Years ago I was very taken by a book, whose name eludes me, detailing the vivid body expressions and non-verbal communication used in everyday life in 17th and 18th century Italy. I appreciated the immediacy, the vulgarity, and the physicality of these gestures. It was not that there wasn’t an adequate spoken language available to indicate you were hungry or to tell someone to shove off. Rather non-verbal expression, evolved over time, allowed the body to speak, positing itself in a way words could not. Growing up in a culture where a shoulder shrug and a head nod could denote multiple meanings, I appreciate this way of communicating.
I was reminded of that book after seeing "Alaska," a recent work by Argentine choreographer Diana Szeinblum whose troupe of four gifted dancers (she calls them “interpreters”) made their Seattle debut at On the Boards this past Thursday night, Nov. 5. In "Alaska," Szeinblum, who studied with and performed in the work of the late expressionist German choreographer Pina Bausch, set out to create a movement language that presents to the audience the body as a “tenant of spaces, as container of memories where everything that has not been said regarding a personal experience is kept.…Appealing to the memory of what was lived to find in the body the experience of what has not been revealed.”
This is pretty heady stuff, and Szeinblum’s conceptual Alaska is rather more dark, desolate and austere than our majestic, cruise-ship friendly, oil-rich, eccentric, and ruggedly individualistic neighbors many have in their minds. Rather than the magnificent vistas and outdoors, there is a large dose of the melancholy that can inhabit those who live in the near perpetual darkness of an Alaskan winter. Her movement theater is rich with performers grappling with, manipulating, flaying, and tormenting themselves and each other, clothed and barely so, maybe making up, maybe not.
There is no narrative at work here, indeed no linear exposition of the originating concept of memory and the interior landscape of the mind and body. What we get instead are a series of movement vignettes that may or may not add up as a fully engaging message to an individual viewer. This is not through any lack of trying by the four committed and excellent performers, Lucas Condro, Leticia Mazur, Alejandra Ferreyra Ortiz, and Pablo Lugones.
Three of the four are also given credit for “choreographic creation,” with Szeinblum assuming responsibility for the idea and direction. According to her, the creative process, which lasted 18 months, involved the performers taking episodes from their own lives and working to find movement metaphors, a language unique to their individual stories within the work’s overarching concept.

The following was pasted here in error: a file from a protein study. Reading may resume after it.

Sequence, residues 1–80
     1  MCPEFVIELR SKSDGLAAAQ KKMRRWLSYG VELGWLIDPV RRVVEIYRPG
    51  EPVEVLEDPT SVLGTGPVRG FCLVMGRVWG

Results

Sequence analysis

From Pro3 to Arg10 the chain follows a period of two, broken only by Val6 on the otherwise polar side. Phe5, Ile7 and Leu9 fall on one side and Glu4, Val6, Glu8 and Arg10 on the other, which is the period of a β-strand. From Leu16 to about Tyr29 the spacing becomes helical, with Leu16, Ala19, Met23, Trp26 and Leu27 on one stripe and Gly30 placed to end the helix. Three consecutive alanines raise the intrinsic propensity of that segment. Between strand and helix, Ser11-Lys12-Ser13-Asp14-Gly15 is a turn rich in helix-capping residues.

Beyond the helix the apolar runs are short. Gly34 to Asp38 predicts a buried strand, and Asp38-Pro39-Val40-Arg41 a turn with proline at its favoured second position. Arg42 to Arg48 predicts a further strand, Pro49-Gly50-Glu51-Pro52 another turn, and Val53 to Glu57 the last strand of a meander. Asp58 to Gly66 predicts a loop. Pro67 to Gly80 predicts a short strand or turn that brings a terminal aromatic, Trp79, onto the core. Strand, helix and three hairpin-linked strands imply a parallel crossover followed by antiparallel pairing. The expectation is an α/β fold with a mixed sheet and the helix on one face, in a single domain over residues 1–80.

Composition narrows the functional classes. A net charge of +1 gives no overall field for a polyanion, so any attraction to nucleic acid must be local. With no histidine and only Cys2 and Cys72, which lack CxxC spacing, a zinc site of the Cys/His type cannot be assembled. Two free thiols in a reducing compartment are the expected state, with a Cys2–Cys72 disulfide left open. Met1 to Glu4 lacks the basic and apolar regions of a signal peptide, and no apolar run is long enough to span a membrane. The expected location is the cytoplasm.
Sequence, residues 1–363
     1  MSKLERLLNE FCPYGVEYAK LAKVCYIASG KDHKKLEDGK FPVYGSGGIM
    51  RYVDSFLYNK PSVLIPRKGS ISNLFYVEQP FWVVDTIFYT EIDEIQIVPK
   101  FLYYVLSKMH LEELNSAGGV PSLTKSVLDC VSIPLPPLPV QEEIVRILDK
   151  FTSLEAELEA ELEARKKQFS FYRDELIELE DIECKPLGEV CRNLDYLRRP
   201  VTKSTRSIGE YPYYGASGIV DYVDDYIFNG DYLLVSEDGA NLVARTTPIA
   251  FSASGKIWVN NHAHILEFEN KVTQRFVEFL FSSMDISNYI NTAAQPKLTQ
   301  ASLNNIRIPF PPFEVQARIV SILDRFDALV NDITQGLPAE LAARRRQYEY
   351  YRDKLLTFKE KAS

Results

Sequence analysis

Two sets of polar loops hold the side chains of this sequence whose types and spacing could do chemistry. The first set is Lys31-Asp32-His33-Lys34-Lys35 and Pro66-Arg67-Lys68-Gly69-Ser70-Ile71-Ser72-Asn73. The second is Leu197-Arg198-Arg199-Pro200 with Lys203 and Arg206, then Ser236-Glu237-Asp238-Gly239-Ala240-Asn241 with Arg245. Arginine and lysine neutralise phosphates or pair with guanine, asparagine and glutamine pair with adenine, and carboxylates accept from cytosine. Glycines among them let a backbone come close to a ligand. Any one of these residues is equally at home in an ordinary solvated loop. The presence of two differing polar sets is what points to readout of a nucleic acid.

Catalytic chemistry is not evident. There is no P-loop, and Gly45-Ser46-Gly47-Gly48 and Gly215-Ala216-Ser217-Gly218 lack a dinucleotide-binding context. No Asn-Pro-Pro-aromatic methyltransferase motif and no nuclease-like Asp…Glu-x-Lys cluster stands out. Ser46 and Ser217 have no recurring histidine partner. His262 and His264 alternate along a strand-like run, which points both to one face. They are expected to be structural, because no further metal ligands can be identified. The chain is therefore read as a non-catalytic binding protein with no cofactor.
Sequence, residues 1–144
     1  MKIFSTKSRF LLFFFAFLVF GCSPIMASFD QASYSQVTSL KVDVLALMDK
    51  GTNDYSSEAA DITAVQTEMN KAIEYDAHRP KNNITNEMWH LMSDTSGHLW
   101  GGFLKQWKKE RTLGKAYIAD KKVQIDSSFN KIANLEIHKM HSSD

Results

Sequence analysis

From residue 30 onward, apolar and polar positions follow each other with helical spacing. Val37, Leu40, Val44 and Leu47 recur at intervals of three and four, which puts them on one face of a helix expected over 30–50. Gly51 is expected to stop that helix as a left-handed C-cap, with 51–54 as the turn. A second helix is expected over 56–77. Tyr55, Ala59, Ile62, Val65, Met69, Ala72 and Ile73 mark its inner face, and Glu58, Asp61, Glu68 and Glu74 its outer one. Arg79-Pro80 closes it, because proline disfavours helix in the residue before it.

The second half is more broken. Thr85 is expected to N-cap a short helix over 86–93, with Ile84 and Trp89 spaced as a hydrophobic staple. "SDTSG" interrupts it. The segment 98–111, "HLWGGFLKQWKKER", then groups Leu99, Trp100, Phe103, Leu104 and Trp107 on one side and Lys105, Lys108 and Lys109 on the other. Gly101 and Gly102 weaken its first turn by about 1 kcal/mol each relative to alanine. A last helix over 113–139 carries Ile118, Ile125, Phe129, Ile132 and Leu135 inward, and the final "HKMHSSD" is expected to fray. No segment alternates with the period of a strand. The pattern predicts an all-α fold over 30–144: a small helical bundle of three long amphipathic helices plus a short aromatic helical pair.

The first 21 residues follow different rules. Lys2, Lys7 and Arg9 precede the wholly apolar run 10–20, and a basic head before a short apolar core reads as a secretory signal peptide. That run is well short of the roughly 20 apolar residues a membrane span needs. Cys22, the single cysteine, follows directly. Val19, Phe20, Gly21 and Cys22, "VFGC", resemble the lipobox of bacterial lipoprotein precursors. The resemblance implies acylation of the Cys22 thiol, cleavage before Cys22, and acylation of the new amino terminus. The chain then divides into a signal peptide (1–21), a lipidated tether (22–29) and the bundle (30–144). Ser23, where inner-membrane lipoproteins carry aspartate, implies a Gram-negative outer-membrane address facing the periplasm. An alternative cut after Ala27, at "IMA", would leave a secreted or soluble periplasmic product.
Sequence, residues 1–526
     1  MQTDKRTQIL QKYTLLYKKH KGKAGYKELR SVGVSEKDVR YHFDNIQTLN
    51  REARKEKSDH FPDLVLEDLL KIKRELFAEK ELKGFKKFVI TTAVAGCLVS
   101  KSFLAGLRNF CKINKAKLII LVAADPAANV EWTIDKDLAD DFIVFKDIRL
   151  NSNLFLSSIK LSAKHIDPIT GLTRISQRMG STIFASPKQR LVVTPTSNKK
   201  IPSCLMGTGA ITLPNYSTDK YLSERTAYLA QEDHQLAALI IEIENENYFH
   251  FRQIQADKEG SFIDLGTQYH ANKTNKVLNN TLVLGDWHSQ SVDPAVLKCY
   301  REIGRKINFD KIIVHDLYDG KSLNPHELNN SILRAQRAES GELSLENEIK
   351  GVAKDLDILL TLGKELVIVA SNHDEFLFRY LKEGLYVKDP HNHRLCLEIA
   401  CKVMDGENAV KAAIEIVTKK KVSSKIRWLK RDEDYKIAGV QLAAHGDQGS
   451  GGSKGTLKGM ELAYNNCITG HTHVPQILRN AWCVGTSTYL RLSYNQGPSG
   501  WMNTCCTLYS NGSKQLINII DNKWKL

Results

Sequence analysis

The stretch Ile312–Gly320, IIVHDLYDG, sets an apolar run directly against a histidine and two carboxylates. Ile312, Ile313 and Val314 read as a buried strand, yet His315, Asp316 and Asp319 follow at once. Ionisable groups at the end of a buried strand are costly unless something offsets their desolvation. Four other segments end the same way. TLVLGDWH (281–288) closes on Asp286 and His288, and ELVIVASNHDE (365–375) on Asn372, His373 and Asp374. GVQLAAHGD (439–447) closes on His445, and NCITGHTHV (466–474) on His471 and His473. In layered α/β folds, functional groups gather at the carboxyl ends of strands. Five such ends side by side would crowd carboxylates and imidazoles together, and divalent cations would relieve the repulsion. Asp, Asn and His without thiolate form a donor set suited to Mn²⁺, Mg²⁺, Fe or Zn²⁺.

In the first third or so of the one-hour dance this sometimes seemed more artifice than art, as one could too clearly see the choreographic process at work, imagining times in the studio with the artists throwing out movement ideas, talking things through, improvising and experimenting with each other, and Szeinblum working to shape them to her vision. As the dance progressed the concept solidified and the work seemed less scattered.
Before the piece even “begins” and the audience is filing in, the center of the stage is lit in a square; one man, Lugones is sitting with a sign around his neck saying “estoy desperado” (I am desperate). We see the wings with chairs, the musicians, and a table with refreshments. Sometimes the movements seem a bit contrived, more theatrical than authentically felt, as when three of the dancers manipulate a fourth, Mazur, dressed only in her underwear, or when a table drops loudly to the stage, remaining on the ground briefly and then rather clumsily unhooked by Condro and carried offstage.
At other points, the segments are almost desperate and highly affecting — Ortiz bending over quickly and repeatedly, her head seeming to disappear between her legs as she hits the bottom of her arc, hair flinging down and then violently jerked back up as she rises back to standing erect; Condro and Mazur struggling to pass through spaces made by their rounded arms; or Lugones playing spoons on his bare chest, trying to impress Mazur, who simply walks away without acknowledging him.
Throughout, and very much to Szeinblum’s credit, there is live music from Ulises Conti on piano and computer, and Mariano Malamud’s lovely viola. The lighting by Gonzalo Cordova also added significantly to the emotive content of the evening with its shadings and subtle shifts.
How one responds to "Alaska" probably depends on who you are at that moment in time. Some will resonate with the emotionally charged physical performances, others will be taken with the intellectual challenge of Szeinblum’s idea and the language that has been created to express it. Some may find the whole process a bit precious, too redolent of choreography of the 1980’s, including Bausch’s own work with its segmented structure, mysterious allusions, and battles between the sexes. Or perhaps all of the above.
"Alaska" is surely worth a look though. There's a final performance tonight (Sunday), 8 pm at the always enterprising On the Boards on Lower Queen Anne.
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